The Transient Glory series presents new choral works by some of America’s most engaging contemporary composers, specially written to celebrate the art of children’s choirs and the transient but glorious nature of young singing voices. The works, which were all commissioned for a concert performance series by the Young People’s Chorus of New York, promise to make a significant addition to the repertoire for children’s and youth choruses.
The composer writes:
“The Attic Which is Desire” is not an obvious poem to set to music. Like many of my favorite William Carlos Williams poems, The Attic is ostensibly about things rather than people and their feelings. Still, this poem strikes me as being inherently musical.
The first thing that attracted me to setting this poem was that it contained its own built-in accompaniment. I imagined “SODA” as a tireless ostinato, flashing in regular beats, present before we arrived and continuing after our attention shifts. In a more general, sense I was inspired by the counterpoint between elements of stillness set against elements of movement: one example is the empty, dark attic set against the obsessive flashing soda sign. Also, nothing really happens in this human-less moment frozen in time. Yet, the language itself creates motion as it draws the reader forward in search of a verb to make sense of it all. We join the first sentence in progress and it does not really have a verb. The word “wait” (motionless imagery there) is the closest thing, but it is part of a subordinate clause that modifies “the unused tent” and suspends the reader’s quest for linear sense. It suggests that we simply consider the attic and the fact of its existence.
By the second sentence there is a palpable desire to make sense - to discover what is happening - which, grammatically speaking, means to find a verb. The reader accelerates through more active language (“ringed with running lights”) to the last line where, finally, there is a real verb - “is” - but a verb that, when attached to “transfixed” confirms a larger sense of stasis.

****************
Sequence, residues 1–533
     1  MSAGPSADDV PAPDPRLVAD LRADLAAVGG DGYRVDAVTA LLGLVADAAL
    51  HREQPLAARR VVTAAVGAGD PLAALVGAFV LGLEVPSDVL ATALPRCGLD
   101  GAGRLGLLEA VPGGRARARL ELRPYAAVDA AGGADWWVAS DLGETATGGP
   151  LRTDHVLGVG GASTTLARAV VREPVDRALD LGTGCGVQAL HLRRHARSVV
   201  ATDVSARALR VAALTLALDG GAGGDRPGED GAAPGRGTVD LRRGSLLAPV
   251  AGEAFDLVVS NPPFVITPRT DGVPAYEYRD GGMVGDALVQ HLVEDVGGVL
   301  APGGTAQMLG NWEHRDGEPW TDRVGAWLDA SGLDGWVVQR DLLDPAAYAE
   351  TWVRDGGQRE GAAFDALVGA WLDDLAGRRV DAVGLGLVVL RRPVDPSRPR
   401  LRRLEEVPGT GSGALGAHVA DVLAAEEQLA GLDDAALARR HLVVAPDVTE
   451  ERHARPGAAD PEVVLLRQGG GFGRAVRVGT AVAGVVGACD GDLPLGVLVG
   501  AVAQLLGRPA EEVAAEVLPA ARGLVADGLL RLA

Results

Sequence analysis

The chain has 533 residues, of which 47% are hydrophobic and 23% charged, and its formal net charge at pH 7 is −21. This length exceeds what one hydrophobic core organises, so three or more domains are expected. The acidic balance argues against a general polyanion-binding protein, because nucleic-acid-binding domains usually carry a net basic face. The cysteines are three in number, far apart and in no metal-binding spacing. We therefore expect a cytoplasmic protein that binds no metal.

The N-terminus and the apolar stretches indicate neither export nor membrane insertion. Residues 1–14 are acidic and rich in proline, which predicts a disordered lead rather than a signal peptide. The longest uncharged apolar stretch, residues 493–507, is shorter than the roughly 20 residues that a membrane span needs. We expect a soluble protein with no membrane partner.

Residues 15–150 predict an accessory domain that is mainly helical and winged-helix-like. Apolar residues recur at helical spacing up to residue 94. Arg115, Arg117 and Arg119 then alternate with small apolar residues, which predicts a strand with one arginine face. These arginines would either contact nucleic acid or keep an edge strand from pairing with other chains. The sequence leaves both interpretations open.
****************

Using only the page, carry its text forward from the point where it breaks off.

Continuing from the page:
Throughout my setting, all the elements implicitly coexist, simultaneously - timelessly - while creating the illusion of motion as the focus shifts from one element to another. This idea becomes more explicit in a coda in which “SODA,” “ringed with running lights,” and “transfixed,” are all combined into a bustling yet ultimately static mobile that never really ends but simply fades away.
There is also a personal, non-musical and non-poetic element to my desire to set this poem. When I was in high school I fashioned a sanctuary in the attic of my parent’s house where I would go to be moody. Although there were no flashing soda signs I did furnish it with a strobe light. When I first read this poem I could almost smell that musty space and I was transported back to that frozen moment in time when I was the same age as members of the Young People’s Chorus of New York City.
– Steven Mackey
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